Turkey's top court delivers landmark ruling backing journalists’ freedom of expression

Turkey's top court delivers landmark ruling backing journalists’ freedom of expression

Turkeys top court delivers landmark ruling backing journalists’ freedom of expression


Turkey’s Constitutional Court has delivered a landmark ruling in favor freedom of expression, saying governments must tolerate even the toughest criticism and ordering the authorities to pay 5,000 liras in non-pecuniary losses to a columnist who had been sentenced for “insulting” MPs through the media.

Even if confirmed sentences against journalists are suspended, the situation still threatens freedom of expression, the Constitutional Court stated in a detailed ruling published in the Official Gazette on July 1.

The ruling came after an individual application filed by columnist Bekir Coşkun, who was sentenced to one year, two months and 17 days in jail on charges of “insulting a public official through the media.” The sentence was suspended, but Coşkun still took the case to the top court. 

“It should be accepted that the possibility of execution of the sentence created stress and concern about being punished,” the top court added in the ruling.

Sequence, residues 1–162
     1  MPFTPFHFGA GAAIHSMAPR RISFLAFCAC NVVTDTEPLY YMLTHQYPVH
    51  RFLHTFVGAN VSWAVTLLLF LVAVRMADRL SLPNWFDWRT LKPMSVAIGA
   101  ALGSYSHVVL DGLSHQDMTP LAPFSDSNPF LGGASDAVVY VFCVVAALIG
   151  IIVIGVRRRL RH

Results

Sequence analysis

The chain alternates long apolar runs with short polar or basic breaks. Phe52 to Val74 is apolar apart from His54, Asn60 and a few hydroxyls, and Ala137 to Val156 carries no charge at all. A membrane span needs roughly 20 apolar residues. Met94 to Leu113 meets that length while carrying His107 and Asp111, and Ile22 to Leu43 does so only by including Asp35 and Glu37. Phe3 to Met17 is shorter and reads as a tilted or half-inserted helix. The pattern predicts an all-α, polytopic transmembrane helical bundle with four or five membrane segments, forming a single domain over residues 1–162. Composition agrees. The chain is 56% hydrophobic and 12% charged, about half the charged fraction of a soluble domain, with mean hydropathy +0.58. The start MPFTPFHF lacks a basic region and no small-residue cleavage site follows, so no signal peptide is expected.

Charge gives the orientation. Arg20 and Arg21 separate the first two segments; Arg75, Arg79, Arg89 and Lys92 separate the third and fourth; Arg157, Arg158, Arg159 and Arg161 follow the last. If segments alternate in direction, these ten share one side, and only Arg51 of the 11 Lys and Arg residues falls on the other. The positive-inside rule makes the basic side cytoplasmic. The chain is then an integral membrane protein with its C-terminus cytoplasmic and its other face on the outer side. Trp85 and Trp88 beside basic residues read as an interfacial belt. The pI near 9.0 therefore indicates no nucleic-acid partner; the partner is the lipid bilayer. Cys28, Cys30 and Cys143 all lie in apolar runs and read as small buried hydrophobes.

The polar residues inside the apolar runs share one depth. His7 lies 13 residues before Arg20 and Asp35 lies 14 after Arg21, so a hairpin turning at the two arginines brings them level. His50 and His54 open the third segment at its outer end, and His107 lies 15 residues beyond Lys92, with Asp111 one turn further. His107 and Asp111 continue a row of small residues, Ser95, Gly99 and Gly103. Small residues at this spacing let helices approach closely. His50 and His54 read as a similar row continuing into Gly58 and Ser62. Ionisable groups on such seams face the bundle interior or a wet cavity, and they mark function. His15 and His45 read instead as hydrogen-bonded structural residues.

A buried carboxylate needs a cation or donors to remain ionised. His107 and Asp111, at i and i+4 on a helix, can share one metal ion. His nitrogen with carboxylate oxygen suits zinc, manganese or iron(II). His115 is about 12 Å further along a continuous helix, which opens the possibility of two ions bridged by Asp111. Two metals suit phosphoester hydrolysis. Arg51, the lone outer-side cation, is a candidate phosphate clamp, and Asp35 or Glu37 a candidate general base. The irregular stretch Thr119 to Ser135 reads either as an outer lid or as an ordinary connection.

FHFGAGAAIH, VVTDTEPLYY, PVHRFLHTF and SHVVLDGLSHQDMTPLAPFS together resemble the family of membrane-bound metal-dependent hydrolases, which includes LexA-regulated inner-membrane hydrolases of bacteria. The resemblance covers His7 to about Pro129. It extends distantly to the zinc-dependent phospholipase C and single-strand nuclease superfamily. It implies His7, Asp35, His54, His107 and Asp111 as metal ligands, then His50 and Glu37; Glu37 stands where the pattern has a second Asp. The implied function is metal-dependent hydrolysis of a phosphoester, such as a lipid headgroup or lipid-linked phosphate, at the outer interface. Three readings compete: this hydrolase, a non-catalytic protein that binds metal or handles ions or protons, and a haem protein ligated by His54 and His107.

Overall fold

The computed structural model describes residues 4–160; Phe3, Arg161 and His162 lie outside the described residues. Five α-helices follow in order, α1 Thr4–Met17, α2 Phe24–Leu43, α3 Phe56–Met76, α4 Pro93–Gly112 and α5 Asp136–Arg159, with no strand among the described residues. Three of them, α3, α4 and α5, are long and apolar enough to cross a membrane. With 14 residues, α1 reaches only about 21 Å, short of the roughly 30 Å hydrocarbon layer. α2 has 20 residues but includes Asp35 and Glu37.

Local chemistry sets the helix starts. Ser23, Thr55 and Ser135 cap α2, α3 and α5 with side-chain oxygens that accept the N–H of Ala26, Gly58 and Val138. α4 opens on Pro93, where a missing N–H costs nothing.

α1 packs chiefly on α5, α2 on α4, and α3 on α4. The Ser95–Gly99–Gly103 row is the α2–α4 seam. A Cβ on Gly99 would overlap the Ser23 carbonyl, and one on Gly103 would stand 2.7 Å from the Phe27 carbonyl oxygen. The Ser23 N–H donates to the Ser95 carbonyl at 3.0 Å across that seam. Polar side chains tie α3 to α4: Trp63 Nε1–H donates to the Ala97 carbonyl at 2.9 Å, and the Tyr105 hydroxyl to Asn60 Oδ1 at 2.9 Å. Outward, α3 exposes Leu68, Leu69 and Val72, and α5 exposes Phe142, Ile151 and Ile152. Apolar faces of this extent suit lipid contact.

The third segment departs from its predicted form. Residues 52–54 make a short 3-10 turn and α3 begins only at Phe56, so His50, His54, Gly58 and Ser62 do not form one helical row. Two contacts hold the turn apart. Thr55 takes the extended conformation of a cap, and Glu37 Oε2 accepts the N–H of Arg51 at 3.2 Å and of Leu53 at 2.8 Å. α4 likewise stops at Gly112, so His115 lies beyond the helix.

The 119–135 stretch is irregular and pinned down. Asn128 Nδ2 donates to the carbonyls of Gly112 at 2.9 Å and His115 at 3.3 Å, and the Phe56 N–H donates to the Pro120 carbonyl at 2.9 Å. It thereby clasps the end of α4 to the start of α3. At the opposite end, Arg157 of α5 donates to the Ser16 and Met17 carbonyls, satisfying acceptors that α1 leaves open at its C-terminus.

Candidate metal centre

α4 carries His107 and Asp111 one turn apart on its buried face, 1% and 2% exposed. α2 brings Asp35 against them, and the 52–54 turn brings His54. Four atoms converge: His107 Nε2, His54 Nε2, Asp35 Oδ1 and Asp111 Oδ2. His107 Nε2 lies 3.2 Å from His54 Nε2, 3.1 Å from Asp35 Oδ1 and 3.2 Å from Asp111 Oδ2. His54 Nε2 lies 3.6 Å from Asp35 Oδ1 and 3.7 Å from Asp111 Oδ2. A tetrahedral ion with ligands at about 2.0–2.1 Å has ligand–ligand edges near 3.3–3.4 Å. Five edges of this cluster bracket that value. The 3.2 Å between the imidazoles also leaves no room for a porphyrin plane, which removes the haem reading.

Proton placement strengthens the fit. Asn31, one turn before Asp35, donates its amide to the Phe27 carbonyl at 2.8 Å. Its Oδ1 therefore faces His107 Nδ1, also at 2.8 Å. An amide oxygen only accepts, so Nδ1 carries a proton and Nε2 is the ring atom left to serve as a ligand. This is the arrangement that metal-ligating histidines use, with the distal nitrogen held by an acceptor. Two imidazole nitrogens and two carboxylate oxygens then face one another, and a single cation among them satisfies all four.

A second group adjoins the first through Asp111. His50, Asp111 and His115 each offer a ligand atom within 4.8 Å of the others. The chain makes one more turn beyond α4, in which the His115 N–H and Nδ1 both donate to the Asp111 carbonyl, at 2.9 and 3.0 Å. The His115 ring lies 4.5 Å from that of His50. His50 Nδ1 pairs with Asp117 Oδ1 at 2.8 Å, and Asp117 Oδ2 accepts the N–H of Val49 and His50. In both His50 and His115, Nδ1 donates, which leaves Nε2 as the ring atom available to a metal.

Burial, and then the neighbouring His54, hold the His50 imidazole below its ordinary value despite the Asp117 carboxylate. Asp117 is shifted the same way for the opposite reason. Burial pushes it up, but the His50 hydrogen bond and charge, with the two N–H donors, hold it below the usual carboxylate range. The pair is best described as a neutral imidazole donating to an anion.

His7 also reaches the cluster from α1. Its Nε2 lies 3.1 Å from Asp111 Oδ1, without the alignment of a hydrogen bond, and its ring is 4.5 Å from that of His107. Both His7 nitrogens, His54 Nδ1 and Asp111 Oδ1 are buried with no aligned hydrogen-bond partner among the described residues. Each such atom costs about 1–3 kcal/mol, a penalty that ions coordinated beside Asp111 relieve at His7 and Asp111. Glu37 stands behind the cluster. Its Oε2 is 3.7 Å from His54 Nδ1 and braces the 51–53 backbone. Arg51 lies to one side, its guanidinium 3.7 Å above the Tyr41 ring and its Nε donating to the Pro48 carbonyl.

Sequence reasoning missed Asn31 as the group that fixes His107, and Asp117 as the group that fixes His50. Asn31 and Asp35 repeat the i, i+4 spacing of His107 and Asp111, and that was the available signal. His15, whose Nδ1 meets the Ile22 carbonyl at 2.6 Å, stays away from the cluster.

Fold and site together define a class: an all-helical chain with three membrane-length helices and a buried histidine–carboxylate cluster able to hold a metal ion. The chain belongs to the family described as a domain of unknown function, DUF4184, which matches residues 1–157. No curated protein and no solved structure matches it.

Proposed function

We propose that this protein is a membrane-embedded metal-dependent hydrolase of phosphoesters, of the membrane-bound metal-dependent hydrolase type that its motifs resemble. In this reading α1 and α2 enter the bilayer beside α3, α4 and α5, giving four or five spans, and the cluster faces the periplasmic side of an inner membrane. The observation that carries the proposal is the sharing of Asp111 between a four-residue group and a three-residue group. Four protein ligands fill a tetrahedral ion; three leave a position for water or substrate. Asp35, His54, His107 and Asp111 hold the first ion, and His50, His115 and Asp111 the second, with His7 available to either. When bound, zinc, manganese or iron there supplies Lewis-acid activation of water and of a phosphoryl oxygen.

The case against Coşkun was opened because of an article dated July 4, 2013 and titled “Painted Stairs.” The article was penned during the Gezi protests of June 2013, when a peaceful sit-in protesting the redevelopment of one of the few remaining green areas in the heart of Istanbul, Gezi Park, escalated into nationwide street protests involving over two million people. 

“Acceptable limits to criticism of politicians are wider than acceptable limits to criticism of other people. Unlike others, a politician intentionally opens each of his or her statements and actions to the public, as well as other politicians’ scrutiny. That is why they must have a wider tolerance,” the Constitutional Court also stated.

The top court emphasized that classifying an opinion as either “valuable” or “worthless” regarding its content amounts to a “subjective judgment.”

“Trying to determine the area of freedom of expression based on these evaluations may lead to arbitrary limiting of this freedom. Freedom of expression also includes announcing and propagating thoughts that are considered ‘worthless’ or ‘useless’ by others,” it said.

“In the stated article [by Coşkun], the act of painting steps is supported, while people who object to this act are criticized,” it added.

During the Gezi demonstrations in summer 2013, painting steps between neighborhoods in rainbow colors became part of the protests after an elderly forestry engineer in Istanbul took it upon himself to repaint a set of public steps from concrete grey to an array of rainbow colors.